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First Friday Feature with Denisea Kampe

First Friday Feature


Let’s ” Welcome Denisea Kampe to usher in July with our First Friday Feature! Wow! Where does the time go? As you are celebrating Independence Day this weekend… Keep in your thoughts or prayers not only the military men and women that serve, but their families that sacrifice as well. I most recently read Denisea’s book For His Country. That book is a great depiction of the strain that is put on the entire military family. It’s not just our soldiers that sacrifice but the one’s who love them and call the mom, dad, wife, or husband. Denisea is going to tell us a little more about it from her first-hand experience.

Life as a Wife…

Thank you so much, Jessica, for asking me to guest here on Writing Pearls today and thank youto her followers for spending a few minutes here today getting to know me and my work a bitbetter. I just recently met Jessica face to face as due to my husband’s occupation we’re currently stationed in her neck of the woods, one of the perks of being a wife to a US Marine.

We travel…a LOT. But I get to see so many places and do so many things others only dreamabout, and I get to meet tons of new people. It’s especially exciting when I meet other writersand bloggers who I share something in common with. The military is such a cornucopia, but…

Not everything is roses, sometimes you get the thorns.

Years ago when I became a bride to the Corps, what was then known as the Key VolunteerNetwork (KVN), greeted me with open arms and my very own copy of Roses and Thorns, ahandy guide to all things being a wife meant at that time and is sadly no longer in publication.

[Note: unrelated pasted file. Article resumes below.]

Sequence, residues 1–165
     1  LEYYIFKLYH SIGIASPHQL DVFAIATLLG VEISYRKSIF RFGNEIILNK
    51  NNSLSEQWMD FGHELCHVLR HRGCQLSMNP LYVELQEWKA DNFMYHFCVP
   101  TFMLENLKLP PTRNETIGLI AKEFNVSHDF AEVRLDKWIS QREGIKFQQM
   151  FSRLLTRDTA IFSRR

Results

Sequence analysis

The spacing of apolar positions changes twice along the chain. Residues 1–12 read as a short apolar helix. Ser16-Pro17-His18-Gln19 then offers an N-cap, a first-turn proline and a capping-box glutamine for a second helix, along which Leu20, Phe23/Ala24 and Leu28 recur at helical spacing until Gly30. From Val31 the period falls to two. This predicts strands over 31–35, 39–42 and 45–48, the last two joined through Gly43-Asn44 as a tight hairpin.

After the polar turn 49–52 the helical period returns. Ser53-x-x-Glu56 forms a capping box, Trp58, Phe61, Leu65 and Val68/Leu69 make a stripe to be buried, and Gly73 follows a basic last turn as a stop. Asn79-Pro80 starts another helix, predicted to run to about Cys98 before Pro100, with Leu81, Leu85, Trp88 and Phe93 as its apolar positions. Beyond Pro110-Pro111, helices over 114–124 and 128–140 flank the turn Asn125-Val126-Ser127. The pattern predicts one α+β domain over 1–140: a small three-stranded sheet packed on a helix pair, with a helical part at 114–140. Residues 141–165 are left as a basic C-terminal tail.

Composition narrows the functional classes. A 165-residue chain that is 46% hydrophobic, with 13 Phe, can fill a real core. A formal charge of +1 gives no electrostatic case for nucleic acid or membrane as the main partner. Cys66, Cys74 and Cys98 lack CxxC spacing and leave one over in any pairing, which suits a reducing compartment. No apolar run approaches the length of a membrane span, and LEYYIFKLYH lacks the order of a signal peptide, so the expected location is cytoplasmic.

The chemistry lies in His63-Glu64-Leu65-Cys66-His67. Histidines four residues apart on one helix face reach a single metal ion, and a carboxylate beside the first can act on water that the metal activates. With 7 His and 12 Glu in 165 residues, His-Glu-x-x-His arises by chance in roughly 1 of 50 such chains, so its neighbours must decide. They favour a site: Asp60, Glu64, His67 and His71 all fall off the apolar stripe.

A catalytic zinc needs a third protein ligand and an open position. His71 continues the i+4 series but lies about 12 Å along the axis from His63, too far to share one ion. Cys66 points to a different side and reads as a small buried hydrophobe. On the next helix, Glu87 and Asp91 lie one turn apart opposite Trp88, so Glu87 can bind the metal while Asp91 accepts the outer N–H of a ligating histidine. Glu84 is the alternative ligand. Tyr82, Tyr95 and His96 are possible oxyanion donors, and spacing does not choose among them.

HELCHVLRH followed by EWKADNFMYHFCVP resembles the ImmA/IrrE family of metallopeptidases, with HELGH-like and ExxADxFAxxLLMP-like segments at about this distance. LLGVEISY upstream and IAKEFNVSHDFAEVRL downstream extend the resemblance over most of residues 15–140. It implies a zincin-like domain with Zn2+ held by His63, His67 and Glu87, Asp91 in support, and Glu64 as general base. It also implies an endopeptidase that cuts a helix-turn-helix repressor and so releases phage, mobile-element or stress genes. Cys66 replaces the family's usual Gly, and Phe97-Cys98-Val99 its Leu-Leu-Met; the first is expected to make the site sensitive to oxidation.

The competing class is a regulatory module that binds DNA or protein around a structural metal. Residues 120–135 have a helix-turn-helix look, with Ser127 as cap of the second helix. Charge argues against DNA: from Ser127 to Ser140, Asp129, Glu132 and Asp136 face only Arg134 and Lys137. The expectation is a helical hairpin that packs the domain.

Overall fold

Things have changed significantly since I married my very own knight in dusty cammies and while I understand the manual became obsolete in some areas, it still offered insightful advice and information concerning so many aspects of military life. It prepared one for what to expect at formal functions, how to present yourself for tea with the senior wives, how to decipher acronyms and jargon, and how to prepare for the inevitable…deployments.

I can attest to, however, no amount of words in a book truly prepares one for long periods apart, explaining to the kids where Daddy is, the things you’ll see on the news and wish you hadn’t, sleeping alone, crying in the closet so no one sees, or the changes that occur. Those words explained those things, but they don’t truly prepare you for any of it, particularly the changes part of the show. And that premise is what lead me to write For His Country, the book Jessica so graciously reviewed for me today, the changes.

Change is a perpetual state of motion. It’s fluid, continually redefining its boundaries. Theweather changes, the landscape changes, the living room furniture gets moved, kids grow andso do adults. People are in a constant state of change. They grow older, their features fluctuatewith weight gain, graying hair, and fine lines. Their hopes and dreams and goals alter over theyears to accommodate new interests and redefined careers. Much like the main characters in